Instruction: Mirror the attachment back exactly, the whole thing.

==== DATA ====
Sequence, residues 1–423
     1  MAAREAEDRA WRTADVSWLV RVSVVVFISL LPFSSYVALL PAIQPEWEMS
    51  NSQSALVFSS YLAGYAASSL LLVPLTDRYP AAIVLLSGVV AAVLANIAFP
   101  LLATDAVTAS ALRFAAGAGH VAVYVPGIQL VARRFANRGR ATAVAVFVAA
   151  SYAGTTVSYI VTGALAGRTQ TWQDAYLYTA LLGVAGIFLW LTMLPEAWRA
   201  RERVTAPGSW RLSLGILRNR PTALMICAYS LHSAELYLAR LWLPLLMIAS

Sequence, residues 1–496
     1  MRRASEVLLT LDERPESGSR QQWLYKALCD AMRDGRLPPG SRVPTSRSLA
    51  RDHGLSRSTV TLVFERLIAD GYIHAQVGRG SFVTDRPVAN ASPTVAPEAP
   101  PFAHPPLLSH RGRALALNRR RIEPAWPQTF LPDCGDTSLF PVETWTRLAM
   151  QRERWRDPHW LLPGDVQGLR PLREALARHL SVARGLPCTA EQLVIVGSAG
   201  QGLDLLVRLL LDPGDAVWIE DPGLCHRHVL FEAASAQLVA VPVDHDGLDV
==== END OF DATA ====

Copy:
Sequence, residues 1–423
     1  MAAREAEDRA WRTADVSWLV RVSVVVFISL LPFSSYVALL PAIQPEWEMS
    51  NSQSALVFSS YLAGYAASSL LLVPLTDRYP AAIVLLSGVV AAVLANIAFP
   101  LLATDAVTAS ALRFAAGAGH VAVYVPGIQL VARRFANRGR ATAVAVFVAA
   151  SYAGTTVSYI VTGALAGRTQ TWQDAYLYTA LLGVAGIFLW LTMLPEAWRA
   201  RERVTAPGSW RLSLGILRNR PTALMICAYS LHSAELYLAR LWLPLLMIAS

Sequence, residues 1–496
     1  MRRASEVLLT LDERPESGSR QQWLYKALCD AMRDGRLPPG SRVPTSRSLA
    51  RDHGLSRSTV TLVFERLIAD GYIHAQVGRG SFVTDRPVAN ASPTVAPEAP
   101  PFAHPPLLSH RGRALALNRR RIEPAWPQTF LPDCGDTSLF PVETWTRLAM
   151  QRERWRDPHW LLPGDVQGLR PLREALARHL SVARGLPCTA EQLVIVGSAG
   201  QGLDLLVRLL LDPGDAVWIE DPGLCHRHVL FEAASAQLVA VPVDHDGLDV